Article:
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Uterine fibroids (UFs) are the most common type of gynaecological tumour, found in up to 70% of postmenopausal women.1 Although mostly asymptomatic (80%), UFs can be highly deleterious to women's health.1
Medical and surgical treatment options have been studied widely, but these are often invasive and can compromise fertility. Although hysterectomy is the only definitive treatment, it is the one that renders future childbearing impossible.2 Hysterectomies are commonly performed via laparotomy, are associated with considerable morbidity and may require a hospital admission of up to 6 days;2 they are often complicated by pyrexia and wound infections.2
The most studied therapeutic agents are gonadotropin-releasing hormone (GnRH) analogues and there is evidence that they can control bleeding and reduce UF volume by up to 50%.1 However, GnRH analogues are associated with significant side effects such as hot flushes and a decrease in bone density, secondary to low oestrogen concentrations.1 Furthermore, tumour growth increases rapidly upon cessation of treatment and thus the beneficial effects of GnRH analogues are short-lived.1
It is therefore unsurprising that patients should seek safer, effective treatments with fewer side effects. A recent study highlights that nearly 50% of women in the USA rely on complementary and alternative medicine (CAM) to treat symptoms of UFs.3 Common CAM treatments include exercise (45%), diet (34%), herbs (37%), and acupuncture (16%).3 Interestingly, patients using these interventions report significant symptomatic improvement and fewer side effects than those using pharmacological and surgical treatments.3
Acupuncture for the treatment of gynaecological conditions has been widely studied.4 A recent systematic review concluded that acupuncture is as effective as pharmacological treatment at reducing symptom burden in patients with primary dysmenorrhoea.4 However, the paper concluded that the use of acupuncture to treat UFs was relatively understudied and that the available evidence was of low quality.4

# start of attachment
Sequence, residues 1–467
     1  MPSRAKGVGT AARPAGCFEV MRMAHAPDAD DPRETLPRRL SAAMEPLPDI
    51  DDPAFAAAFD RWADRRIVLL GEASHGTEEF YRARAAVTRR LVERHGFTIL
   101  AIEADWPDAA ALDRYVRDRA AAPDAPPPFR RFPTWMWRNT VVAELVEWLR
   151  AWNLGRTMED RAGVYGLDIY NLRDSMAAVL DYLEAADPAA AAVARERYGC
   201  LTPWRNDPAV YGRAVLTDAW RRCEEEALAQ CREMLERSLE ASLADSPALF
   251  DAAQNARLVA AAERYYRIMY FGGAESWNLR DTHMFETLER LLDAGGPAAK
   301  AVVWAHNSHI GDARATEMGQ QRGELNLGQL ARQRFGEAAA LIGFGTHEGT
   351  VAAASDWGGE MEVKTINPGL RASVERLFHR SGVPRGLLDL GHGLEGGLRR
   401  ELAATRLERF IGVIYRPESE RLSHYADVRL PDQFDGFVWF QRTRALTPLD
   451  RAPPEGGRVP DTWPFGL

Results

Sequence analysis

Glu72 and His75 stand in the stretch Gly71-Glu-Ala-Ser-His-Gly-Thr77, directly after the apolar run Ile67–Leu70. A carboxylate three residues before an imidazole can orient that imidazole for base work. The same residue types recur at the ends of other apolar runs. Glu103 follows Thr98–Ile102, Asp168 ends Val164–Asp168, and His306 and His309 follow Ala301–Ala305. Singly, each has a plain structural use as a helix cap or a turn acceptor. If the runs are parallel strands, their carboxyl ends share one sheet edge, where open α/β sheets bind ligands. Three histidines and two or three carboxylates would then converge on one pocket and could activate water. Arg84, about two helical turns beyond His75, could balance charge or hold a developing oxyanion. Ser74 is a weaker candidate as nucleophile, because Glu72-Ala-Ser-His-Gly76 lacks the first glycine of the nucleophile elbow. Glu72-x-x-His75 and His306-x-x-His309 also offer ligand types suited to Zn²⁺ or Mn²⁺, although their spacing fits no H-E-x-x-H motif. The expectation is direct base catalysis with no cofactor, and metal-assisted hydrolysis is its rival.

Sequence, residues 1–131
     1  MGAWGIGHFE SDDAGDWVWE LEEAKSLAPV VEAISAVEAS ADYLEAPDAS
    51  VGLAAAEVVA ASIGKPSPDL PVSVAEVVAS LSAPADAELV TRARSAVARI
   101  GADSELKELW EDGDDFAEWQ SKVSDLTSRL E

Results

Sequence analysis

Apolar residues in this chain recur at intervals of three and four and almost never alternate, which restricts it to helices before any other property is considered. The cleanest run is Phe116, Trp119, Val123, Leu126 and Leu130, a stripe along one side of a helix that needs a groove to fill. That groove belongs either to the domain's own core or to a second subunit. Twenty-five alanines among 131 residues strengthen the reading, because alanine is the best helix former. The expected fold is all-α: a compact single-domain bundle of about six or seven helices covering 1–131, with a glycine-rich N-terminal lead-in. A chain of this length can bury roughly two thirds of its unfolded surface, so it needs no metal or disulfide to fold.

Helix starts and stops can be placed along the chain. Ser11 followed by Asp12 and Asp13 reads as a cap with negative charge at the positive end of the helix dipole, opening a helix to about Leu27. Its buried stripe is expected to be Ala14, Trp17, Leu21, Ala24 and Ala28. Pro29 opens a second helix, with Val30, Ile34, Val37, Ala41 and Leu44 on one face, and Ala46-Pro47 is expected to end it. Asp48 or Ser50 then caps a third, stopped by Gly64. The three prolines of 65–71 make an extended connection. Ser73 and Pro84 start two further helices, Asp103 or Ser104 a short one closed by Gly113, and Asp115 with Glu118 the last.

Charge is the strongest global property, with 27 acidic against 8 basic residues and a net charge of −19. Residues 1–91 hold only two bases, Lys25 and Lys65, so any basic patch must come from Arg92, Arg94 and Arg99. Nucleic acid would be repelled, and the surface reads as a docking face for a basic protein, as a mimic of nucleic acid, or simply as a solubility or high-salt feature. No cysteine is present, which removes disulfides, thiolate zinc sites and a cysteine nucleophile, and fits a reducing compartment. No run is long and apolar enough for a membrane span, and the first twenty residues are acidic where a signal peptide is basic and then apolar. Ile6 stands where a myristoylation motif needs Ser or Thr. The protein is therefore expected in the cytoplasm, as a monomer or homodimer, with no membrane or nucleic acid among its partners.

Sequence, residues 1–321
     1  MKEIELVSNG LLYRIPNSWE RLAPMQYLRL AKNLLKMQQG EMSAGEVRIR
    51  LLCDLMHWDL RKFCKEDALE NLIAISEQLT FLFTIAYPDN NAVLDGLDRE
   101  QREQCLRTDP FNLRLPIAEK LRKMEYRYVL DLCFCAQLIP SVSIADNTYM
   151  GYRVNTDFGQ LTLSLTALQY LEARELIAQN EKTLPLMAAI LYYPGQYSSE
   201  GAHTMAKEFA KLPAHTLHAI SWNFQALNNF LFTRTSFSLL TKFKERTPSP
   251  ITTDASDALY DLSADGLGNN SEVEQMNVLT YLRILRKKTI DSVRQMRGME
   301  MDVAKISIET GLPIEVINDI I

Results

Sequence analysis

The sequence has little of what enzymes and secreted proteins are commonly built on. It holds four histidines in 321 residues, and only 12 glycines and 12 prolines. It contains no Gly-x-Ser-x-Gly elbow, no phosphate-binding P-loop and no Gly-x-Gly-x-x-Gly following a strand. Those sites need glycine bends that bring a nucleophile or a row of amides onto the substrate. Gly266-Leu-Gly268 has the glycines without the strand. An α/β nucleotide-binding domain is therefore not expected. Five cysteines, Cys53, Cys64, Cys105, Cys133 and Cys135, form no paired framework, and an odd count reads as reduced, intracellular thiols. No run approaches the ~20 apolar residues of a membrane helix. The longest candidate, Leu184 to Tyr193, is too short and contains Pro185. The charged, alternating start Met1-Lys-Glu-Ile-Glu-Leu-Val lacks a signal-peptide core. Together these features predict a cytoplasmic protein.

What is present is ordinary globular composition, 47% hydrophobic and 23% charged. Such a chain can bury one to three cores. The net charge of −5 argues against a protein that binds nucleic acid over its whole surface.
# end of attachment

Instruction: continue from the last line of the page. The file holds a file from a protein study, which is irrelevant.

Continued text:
The Cochrane Collaboration has published a report on the use of acupuncture as a treatment for UFs.5 Although 106 citations were identified, the review concluded that there is “currently no high quality adequate evidence available to allow assessment of the efficacy of acupuncture in the treatment of UFs”.5
While there is a diverse range of management options, patients are frequently dissatisfied with the side effects and complications of current treatments for UFs. While hysterectomy represents a definitive management option, there is nevertheless a need for less invasive but equally effective treatment options. CAM treatments have a high uptake among patients, but there is still no medical consensus regarding their effectiveness. A recent systematic review concluded that acupuncture may be beneficial in some gynaecological conditions; however, evidence to support its use in treatment of UFs was insufficient.4
In conclusion, there is a need for high-quality studies to robustly evaluate the effectiveness of acupuncture for treatment of UFs. Considering the high prevalence of UFs and the limitations of the currently available treatment options, acupuncture as a potential treatment for UFs deserves further study.
Contributors Both authors have provided substantial contribution to the design of the work. A significant proportion of the time was spent on review of existing literature. Both authors are happy to be kept accountable for all aspects of the work.
Competing interests None declared.
Provenance and peer review Not commissioned; internally peer reviewed.
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